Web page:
“I love being paid to think”

Anna Fontcuberta © 2019 EPFL

Anna Fontcuberta © 2019 EPFL

For EPFL’s 50th anniversary, the School of Engineering proposes a series of portraits of female professors working within the school. Today we meet Anna Fontcuberta i Morral, who has just been appointed full professor.

Anna Fontcuberta i Morral develops new materials with novel electrical and optical properties – the building blocks of tomorrow’s computers and solar cells. This distinguished scientist and former karate practitioner was recently appointed full professor at EPFL's Scool of Engineering.

Anna Fontcuberta i Morral’s interest in science and engineering began in childhood. She would often marvel at the natural world, wondering how it all worked. Her innate curiosity led her to study first math, then physics, and later materials science.

Fast forward to today, and Fontcuberta i Morral is a full professor at EPFL'School of Engineering, where she heads the Laboratory of Semiconductor Materials (LMSC). As part of her research into semiconductors, she comes up with materials and nanostructures that will play a key role in tomorrow’s technology. She aims to develop materials with enhanced optical properties for quantum computers, as well as ultra-efficient solar panels for consumer applications.

“Right now, the most efficient photovoltaic cells we have are made from rare and expensive elements,” says Fontcuberta i Morral. “We send them into space, but they’re beyond the reach of ordinary people. We’re trying to find new materials with chemical elements that are up to 1,000 times more abundant than those currently being used. We’re also working on nanostructures that we could use to build solar cells with the same efficiency as the ones sent up on satellites.”

“You’ll end up living under a bridge”

Born and raised in Spain, Fontcuberta i Morral’s early fascination with understanding the world led her to study physics at the University of Barcelona. But not everyone supported her chosen path. “At that time, a physics degree was considered fairly worthless in Spain. My mother told me I’d end up living under a bridge.”

Fontcuberta i Morral ignored the naysayers and followed her heart, specializing in solid-state physics before switching to materials science. After completing a PhD at the Ecole Polytechnique in Paris, she landed a postdoc position at the California Institute of Technology (Caltech), where she also co-founded a startup, before moving to the Technical University of Munich, Germany. She joined EPFL in 2008. “I love being paid to think,” she says with a smile on her face. “I enjoy nothing more than pushing the boundaries of science and discovering new things every day. And I always try to make research as much fun as possible.”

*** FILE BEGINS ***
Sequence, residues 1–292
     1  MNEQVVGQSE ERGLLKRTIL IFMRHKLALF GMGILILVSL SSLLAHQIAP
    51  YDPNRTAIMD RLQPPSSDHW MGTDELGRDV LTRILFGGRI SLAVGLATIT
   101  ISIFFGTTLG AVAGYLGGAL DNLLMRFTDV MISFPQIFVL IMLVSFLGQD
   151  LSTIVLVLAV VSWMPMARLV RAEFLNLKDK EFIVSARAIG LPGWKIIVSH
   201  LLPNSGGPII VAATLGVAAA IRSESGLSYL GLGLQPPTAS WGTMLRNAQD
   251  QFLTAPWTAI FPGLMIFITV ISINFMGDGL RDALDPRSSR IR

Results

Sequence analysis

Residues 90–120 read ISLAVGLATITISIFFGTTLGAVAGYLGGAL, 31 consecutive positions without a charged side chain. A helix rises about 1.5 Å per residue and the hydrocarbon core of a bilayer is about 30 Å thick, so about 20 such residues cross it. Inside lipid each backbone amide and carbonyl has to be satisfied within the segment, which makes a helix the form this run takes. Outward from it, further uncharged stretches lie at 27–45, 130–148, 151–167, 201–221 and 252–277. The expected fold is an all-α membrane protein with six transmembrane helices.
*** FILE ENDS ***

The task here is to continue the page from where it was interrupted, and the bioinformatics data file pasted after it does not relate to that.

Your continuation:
Fontcuberta i Morral is an acclaimed scientist with several prestigious awards to her name. But she’s had her share of challenges. She had to cope with sexist remarks while studying in France, and she was all but written off when she fell pregnant during her time in Germany. “Moving to the US was a relief,” she recalls. “That kind of behavior simply isn’t tolerated there. You need a big dose of self-confidence to get through the hard times.”

She’s been lucky enough to have some great mentors throughout her career. “To them, I was a researcher first and a woman second. They were a huge source of inspiration and support.”

The 44-year-old, who has a 9-year-old daughter and speaks five languages (Catalan, Spanish, English, French and German), also supervises around a dozen PhD students at her lab. “I get enormous pleasure from seeing young scientists grow and discover new things. It’s an immense privilege.”

Fontcuberta i Morral has a busy life outside of work. Although she no longer practices karate, she enjoys running, yoga and spending as much time as she can with her family. “Juggling work and family life is never easy, but it’s important to strike the right balance.”

What advice would she give to a young woman interested in a career in science and engineering? “Trust your instincts. This field can be tough at first, but it’s immensely rewarding if you stick with it. Women have this innate talent for seeing the big picture and connecting people and concepts. Those skills are highly prized in science. If it’s something you want to pursue, go for it.”